November is upon us and many of us think about “giving thanks” this month. At Thanksgiving, we often share what we are thankful for – perhaps we ask family members to share one thing they are grateful for, maybe we have a tree with cut-out leaves where we record our gratitude. Remembering and focusing on our many blessings can help us gain a positive perspective when we experience life challenges.
As we get closer to Veteran’s Day, November 11, 2015, I challenge you to take time on this special day to say “Thank You” to a veteran. Maybe someone in your family serves or served in the military. Perhaps a family member who has passed on served. My father proudly served in the Navy during World War II. My oldest sister was born while he was overseas and he met her for the first time when she was 3 years old. Other family members who have served include my brother-in-law, Butch who served in the Air Force, my father-in-law, Carl who flew a B-24 bomber in WWII, my nephew, Josh who served in the Coast Guard and my son-in-law, John who currently serves in the Navy.
Did you know that Veteran’s Day has been honored for nearly 100 years? According to the Veterans.gov website, in 1919, President Wilson proclaimed November 11th as a legal holiday, with Americans being encouraged to celebrate and honor American’s veterans for their patriotism, love of country, and willingness to serve and sacrifice for the common good.
I recently had the opportunity to visit The Lima Company Memorial, The Eyes of Freedom display. I was humbled and saddened by the story of the twenty-two military members who died in service to their country while being deployed in Iraq. One of the service men came from my home town and I remember ten years ago going to the funeral visitation with my daughter. This amazing memorial is a beautiful portrayal of the Lima Company and their story. Visit their website to learn more about their story.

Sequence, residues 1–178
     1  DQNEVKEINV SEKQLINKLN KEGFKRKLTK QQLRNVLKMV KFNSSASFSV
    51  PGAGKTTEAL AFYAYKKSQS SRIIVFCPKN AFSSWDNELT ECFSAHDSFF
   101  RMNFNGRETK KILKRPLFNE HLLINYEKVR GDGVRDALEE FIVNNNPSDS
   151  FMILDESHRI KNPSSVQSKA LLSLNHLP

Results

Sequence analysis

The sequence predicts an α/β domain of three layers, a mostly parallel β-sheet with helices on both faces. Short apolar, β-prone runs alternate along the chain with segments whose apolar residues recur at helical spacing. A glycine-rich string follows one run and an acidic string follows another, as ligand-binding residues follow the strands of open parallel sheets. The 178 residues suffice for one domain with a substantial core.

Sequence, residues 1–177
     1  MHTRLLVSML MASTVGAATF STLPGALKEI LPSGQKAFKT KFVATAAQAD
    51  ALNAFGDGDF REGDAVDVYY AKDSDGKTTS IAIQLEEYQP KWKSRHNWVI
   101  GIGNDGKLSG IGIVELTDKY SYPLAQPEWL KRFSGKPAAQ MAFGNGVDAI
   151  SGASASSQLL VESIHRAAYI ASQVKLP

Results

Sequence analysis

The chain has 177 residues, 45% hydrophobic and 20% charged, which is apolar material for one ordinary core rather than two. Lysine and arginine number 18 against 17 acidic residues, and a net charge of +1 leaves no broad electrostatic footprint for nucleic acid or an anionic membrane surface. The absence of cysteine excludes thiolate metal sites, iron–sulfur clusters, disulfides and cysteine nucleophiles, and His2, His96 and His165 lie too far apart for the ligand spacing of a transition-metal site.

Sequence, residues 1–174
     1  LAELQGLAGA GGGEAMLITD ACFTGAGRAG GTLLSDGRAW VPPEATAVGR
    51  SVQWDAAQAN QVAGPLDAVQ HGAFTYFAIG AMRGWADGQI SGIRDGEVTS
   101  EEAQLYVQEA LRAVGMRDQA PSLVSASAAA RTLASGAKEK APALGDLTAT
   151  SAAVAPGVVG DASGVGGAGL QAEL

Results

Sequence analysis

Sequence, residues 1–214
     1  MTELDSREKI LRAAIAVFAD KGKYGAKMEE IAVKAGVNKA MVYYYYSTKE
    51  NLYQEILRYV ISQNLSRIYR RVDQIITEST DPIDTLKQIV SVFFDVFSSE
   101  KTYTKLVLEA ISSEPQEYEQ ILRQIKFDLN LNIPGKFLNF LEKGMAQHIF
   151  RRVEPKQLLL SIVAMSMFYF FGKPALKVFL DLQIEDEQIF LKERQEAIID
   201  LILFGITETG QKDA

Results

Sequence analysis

Being grateful is beneficial to you and those around you. Not only will you experience positive emotions from showing your gratitude, but according to WebMD, you may develop resilience that helps you reduce your stress and refocus negative energy into positive energy.
Want to learn more? Professional and enlightening recordings of heart-centered practices can be downloaded by visiting Ohio State University Wexner Medical Center’s Integrative Medicine Services website. Patrice Rancour, MS, RN, PMHCNS-BC has several gratitude recordings that you can download.
So . . . I challenge you to give thanks for those who have served in our military and for your many blessings. Call, write a letter, text, or post on a social media site a “Thank You” to our military. Start your personal gratitude journal. Simply write down three things that you are grateful for – every day. See if practicing gratitude makes a positive difference in your life.